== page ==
International Center for Journalists (USA)

In 1984, Tom Winship and two other prominent U.S. journalists decided to establish the nonprofit International Center for Journalists as a vehicle for supporting fellow journalists, especially those subject to repressive jurisdictions with little tradition of freedom of the press. Offering training programs meant to teach critical skills to professional journalists and ordinary citizens, the center's activities have reached many countries with problematic legal systems, such as China, Pakistan, Tunisia and Egypt. In 2013, an Egyptian court tried and convicted American journalist and ICJ program director Natasha Tynes in absentia on charges of having taught Egyptian dissidents to illegally communicate and coordinate their activities through common social-media platforms such as Twitter. In spite of an attempt by Egypt's government to have Interpol, the international police agency, arrest Ms. Tynes and physically deliver her to Egyptian authorities to serve a five-year sentence, she continues to report freely from the ICJ's headquarters in Washington, D.C.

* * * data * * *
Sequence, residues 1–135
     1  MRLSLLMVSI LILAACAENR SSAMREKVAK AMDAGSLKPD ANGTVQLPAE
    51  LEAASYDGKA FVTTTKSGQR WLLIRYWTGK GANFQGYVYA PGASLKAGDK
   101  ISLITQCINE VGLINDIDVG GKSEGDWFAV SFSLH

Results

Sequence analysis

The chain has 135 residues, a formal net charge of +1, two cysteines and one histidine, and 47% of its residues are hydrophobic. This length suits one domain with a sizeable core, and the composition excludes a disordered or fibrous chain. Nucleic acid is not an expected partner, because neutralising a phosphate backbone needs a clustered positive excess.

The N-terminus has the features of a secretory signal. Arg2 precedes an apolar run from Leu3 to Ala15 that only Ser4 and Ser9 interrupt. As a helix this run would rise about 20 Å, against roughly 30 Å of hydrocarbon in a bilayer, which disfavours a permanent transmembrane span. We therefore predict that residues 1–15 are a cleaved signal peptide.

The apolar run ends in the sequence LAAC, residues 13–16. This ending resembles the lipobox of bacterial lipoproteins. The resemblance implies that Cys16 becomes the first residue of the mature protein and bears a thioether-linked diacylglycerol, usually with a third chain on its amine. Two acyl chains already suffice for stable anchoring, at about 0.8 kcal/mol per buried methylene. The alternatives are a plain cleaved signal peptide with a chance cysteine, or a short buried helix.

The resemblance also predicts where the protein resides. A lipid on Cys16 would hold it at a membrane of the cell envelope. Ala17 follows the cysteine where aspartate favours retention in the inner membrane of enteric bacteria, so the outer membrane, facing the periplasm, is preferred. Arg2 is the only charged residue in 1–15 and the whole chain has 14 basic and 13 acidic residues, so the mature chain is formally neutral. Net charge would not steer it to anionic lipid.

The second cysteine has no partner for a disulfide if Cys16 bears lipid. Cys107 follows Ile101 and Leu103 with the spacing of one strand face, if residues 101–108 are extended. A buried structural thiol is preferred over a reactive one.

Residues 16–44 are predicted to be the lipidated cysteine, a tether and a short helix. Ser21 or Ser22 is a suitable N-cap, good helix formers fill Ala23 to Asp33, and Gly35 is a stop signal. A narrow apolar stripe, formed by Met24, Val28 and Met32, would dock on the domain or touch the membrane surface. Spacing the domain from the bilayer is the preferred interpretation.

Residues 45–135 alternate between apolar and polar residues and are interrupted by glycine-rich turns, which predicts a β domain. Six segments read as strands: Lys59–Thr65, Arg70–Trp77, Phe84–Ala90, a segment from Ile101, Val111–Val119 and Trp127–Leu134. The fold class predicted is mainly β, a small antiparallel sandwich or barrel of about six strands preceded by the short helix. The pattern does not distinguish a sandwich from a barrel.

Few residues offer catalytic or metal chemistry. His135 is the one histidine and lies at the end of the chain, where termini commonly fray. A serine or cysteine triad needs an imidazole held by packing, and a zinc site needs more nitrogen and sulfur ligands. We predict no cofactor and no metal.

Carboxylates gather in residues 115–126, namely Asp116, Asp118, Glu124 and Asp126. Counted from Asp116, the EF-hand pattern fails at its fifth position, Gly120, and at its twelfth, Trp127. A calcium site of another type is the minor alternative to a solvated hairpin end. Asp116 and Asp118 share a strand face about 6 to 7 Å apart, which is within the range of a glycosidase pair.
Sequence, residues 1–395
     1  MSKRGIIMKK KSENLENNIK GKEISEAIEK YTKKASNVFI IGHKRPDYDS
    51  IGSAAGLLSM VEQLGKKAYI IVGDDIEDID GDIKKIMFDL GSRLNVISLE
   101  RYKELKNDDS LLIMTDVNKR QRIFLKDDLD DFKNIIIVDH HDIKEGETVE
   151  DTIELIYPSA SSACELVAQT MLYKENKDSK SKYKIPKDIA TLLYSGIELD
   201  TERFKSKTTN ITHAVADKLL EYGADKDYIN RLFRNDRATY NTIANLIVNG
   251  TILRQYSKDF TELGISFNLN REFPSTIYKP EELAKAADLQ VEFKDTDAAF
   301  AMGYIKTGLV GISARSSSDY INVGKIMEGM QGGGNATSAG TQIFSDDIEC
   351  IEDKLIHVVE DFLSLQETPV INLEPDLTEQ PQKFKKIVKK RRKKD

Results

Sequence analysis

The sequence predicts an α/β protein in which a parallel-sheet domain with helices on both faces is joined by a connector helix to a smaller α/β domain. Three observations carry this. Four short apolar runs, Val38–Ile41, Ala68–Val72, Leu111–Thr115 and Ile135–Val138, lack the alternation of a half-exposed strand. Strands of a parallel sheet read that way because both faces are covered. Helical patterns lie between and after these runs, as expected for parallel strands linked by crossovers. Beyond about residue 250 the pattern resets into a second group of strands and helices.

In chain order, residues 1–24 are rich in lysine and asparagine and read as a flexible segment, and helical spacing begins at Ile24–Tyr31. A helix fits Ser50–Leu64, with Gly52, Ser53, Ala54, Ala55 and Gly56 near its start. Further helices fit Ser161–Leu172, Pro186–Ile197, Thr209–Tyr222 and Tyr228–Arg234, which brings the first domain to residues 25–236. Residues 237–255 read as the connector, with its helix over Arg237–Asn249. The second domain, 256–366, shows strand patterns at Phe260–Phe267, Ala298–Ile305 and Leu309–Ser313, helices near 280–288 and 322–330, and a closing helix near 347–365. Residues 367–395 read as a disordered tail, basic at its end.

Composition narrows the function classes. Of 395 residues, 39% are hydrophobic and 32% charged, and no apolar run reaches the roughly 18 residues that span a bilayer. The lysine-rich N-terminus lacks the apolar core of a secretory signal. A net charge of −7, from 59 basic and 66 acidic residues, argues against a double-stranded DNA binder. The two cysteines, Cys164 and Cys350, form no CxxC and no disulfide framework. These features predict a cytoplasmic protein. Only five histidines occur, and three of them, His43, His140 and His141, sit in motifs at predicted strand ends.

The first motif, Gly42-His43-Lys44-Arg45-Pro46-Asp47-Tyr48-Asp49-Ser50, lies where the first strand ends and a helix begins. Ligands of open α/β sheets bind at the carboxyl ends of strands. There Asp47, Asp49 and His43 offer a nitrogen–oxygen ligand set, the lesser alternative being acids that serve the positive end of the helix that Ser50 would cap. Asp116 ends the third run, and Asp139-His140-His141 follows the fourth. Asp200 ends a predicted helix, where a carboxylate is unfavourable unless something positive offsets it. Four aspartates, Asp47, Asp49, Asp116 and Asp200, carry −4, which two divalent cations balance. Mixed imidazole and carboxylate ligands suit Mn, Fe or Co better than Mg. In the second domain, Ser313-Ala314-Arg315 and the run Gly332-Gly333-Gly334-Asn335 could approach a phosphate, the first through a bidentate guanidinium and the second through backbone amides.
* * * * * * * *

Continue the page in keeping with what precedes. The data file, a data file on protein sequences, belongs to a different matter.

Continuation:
The ICJ sponsors workshops, fellowships and seminars intended to vigorously promote excellence in journalism, and the center works hard to increase inclusivity by making many of its training programs and investigative tools freely available on the Web. Beginning in 2006, the ICJ began an annual tradition of honoring outstanding journalists by bestowing its first ICFJ Founders Award for Excellence in Journalism on the three original founders, who had since left the organization. Much of the center's funding is provided by the National Endowment for Democracy, the John S. and James L. Knight Foundation and other charitable groups.

Recently, the ICJ has moved to strengthen its coverage of environmental issues.

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